Google recently switched on full navigation for Android devices here in the Netherlands. Suddenly, my HTC desire doubled as a PND (Personal Navigation Device). The maps on my TomTom were starting to get old, and updating them costs about as much as a new unit, so Google’s timing was perfect. All I needed was a holder to affix my phone to my car’s windscreen. Luckily, MobileFun offered to send me a review unit of their “HTC Desire car kit“. More HTC Desire car pack review
A little while ago, Nickelodeon started airing a new kids TV show called “Team Umizoomi“. It features a team that consists of two humans and a robot… which looks a lot like the green little mechanical man that Google uses as part of the logo for their Android mobile operating system.
On the show, Team Umizoomi solves problems using each member’s unique skills. Milli is great at pattern recognition, Geo has a thing for shapes, while Bot excels at math and has a large display. I see some parallels with the Android OS here too. Things QR codes and Google Goggles are all about shapes and patterns, and modern Android phones have speedy processors and large screens.
But then again, I may be reading way too much into this…
I’ve been following the development of Google’s Chrome OS for a while now, and have played around with some of the early builds that have been floating around online. It’s well on its way to becoming a stable and usable operating system, but I’ve been getting the feeling recently that it may have been been surpassed by that other Google OS, Android. Especially since Android comes with a very good browser. More Does Chrome OS still make sense?
It’s been a while since I blogged about Chrome OS. Things have been pretty quiet around the Google-supported operating system for netbooks and tablets. But Hexxeh, a 17(!) year old developer who’s been supplying pre-built versions of the OS for a while now, released an new version yesterday, and it’s a lot more polished than earlier builds. It boots in seconds and runs pretty smoothly for a pre-alpha OS. If you’re curious about Chrome OS, this is the perfect opportunity to give it a try.
Not only is the ‘Flow‘ build very easy to use, there are complete setup instructions as well. The OS is installed on a USB stick or an SD card (provided your target computer has a card reader it can boot from). It runs off of that drive, so nothing is left behind on the computer’s hard drive. Simply take out the SD card and boot up to get back to Windows or whatever you were using before.
If you’ve not been living under a rock these last few days (or weeks, even), you’ll know that Google has just announced (and released) its first ever mobile phone. Called the Nexus One, it represents Google’s vision of what an Android phone should be. And I’m pretty sure the sotfware is OK. It’s just that I find myself not liking the phone exterior design. I know I’ve dismissed Apple products as ‘style over substance’ in the past, but this thing looks like the HTC Touch from 2007. It might look a little better in real life, but the official stills look decidedly unexciting to me.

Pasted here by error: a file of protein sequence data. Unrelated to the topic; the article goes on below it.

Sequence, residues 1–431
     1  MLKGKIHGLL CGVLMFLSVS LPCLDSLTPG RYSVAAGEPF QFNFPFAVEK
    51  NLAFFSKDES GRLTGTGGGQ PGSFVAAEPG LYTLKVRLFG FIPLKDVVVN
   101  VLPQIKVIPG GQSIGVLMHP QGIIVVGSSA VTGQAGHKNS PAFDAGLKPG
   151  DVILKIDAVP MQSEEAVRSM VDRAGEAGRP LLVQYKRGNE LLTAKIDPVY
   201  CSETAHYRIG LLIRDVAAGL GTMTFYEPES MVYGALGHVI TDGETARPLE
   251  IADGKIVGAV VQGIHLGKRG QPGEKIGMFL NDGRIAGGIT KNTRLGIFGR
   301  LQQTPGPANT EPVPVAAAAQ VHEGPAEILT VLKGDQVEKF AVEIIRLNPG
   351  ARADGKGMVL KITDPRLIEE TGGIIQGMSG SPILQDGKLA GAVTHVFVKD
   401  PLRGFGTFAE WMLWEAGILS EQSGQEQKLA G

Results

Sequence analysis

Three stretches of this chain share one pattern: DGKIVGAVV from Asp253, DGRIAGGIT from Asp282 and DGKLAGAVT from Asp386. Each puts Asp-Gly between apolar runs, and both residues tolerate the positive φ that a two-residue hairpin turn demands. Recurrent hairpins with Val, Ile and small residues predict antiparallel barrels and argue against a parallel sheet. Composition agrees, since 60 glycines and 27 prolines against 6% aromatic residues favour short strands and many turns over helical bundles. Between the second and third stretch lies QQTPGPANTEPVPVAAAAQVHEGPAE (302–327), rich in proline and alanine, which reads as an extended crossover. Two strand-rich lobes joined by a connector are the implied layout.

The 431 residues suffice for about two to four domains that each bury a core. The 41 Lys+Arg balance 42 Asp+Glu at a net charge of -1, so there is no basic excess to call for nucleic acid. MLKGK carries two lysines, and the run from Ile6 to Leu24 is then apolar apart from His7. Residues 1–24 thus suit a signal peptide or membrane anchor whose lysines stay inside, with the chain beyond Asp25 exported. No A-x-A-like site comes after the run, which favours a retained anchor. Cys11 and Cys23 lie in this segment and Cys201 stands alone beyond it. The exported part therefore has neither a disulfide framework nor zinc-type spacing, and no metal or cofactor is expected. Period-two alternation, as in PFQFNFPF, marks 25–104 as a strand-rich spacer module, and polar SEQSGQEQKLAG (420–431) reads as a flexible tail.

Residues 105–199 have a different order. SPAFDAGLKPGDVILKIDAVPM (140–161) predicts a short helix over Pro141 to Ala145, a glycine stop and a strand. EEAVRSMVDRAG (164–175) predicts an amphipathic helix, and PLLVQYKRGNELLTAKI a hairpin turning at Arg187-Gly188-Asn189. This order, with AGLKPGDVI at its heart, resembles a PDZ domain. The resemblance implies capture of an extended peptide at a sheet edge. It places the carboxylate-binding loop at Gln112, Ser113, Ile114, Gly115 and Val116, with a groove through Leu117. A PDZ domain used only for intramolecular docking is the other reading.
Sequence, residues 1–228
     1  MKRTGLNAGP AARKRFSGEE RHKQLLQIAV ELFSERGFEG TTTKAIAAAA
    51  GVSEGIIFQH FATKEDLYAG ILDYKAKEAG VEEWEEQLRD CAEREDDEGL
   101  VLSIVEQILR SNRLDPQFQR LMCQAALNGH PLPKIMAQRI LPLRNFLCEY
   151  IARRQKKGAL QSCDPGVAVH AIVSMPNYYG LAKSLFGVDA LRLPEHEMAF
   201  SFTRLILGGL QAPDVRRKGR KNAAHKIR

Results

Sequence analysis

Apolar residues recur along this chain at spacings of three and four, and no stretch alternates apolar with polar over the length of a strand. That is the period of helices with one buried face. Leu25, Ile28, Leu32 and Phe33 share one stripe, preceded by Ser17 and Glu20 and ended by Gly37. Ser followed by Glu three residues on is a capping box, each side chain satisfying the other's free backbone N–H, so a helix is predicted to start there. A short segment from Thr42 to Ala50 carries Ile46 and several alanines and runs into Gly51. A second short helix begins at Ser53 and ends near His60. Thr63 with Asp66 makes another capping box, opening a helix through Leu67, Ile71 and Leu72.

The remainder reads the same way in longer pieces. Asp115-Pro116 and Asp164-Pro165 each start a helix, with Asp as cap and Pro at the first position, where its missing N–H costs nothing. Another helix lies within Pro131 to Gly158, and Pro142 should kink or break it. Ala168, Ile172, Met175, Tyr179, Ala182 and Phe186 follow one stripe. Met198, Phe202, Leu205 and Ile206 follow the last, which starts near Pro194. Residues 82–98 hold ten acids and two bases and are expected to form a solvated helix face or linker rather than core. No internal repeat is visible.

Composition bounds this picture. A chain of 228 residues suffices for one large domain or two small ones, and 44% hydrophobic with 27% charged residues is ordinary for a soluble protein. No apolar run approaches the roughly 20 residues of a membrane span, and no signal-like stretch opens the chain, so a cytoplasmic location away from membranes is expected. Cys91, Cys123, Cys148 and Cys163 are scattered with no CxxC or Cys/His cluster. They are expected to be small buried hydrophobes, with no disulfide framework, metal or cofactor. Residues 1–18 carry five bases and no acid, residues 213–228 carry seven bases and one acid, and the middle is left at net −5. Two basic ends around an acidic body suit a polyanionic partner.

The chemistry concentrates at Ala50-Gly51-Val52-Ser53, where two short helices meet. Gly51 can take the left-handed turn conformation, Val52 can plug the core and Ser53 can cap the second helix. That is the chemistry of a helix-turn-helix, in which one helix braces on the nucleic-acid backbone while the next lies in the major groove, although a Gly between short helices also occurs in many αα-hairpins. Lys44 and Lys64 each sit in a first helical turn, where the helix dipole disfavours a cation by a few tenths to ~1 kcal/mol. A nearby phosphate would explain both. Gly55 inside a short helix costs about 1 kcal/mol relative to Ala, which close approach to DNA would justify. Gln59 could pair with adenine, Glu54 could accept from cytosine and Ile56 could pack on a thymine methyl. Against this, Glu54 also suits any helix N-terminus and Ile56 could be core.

At the same time, HTC, who make the Nexus One, have a phone in their portfolio that looks a lot more like what I’d expect from a Google Phone. Its HD2 is a very sexy device that coincidentally has pretty much identical specs compared to the Nexus. It looks nothing like HTC’s other phones, yet runs boring old Windows Mobile. I’m telling you, these two devices were switched a birth. Somewhere deep inside HTC’s Taiwan development labs, a very sexy, top secret new Google Phone was designed, but delivered to the wrong software department. Meanwhile, the next boring Windows device was handed to the Android people.
Despite its bland looks, I’ll probably still get a Nexus One. I’ve been putting off getting an Android phone for way too long, and this is the new king of hill. But I’ll probably regret the terrible mixup for as long as I have it…
There are three corporate giants that dominate tech news. All of them have recently made headlines with innovative new products, and all of them have a dedicated following among tech fans, and are hated intensely by just as many. Time to gather pros and cons for Google, Microsoft and Apple and decide who truly deserves your devotion. Please feel free to add yours in the comments. More So, are you an Apple, Microsoft or Google fan?
Google launched Chrome Frame yesterday. It’s a browser plugin for Microsoft’s Internet Explorer browser that, if the website you’re visiting prefers so, turns it into Chrome. At first glance, this looked to me like a great solution and a well-deserved slap in the face for Microsoft, but then it hit me. Nobody will use this. More Does Chrome Frame have a target audience?
I love Google’s general tone of voice in things like this. They’re not saying Chrome is better than other browsers (which it is in many ways), nor do they list any benefits. You should just try it. And they’re telling you with a wonderfully quirky commercial that is nothing like what their competitors are doing. In fact it wasn’t originally intended for TV. Completely down to earth. Well done.
Not many people remember this, and Microsoft probably isn’t very proud of it either, but when it was introduced, MSN wasn’t about the internet at all. Instead, Microsoft had hopes of creating a ‘walled garden’ network with similar content, but ultimately controlled by them. They may have had usability in mind (the web was just as chaotic then as it is today), but chances are it was plain arrogance. With Windows’ enormous market dominance they thought they could control this whole ‘online’ phenomenon. More What if MSN’s original approach had succeeded?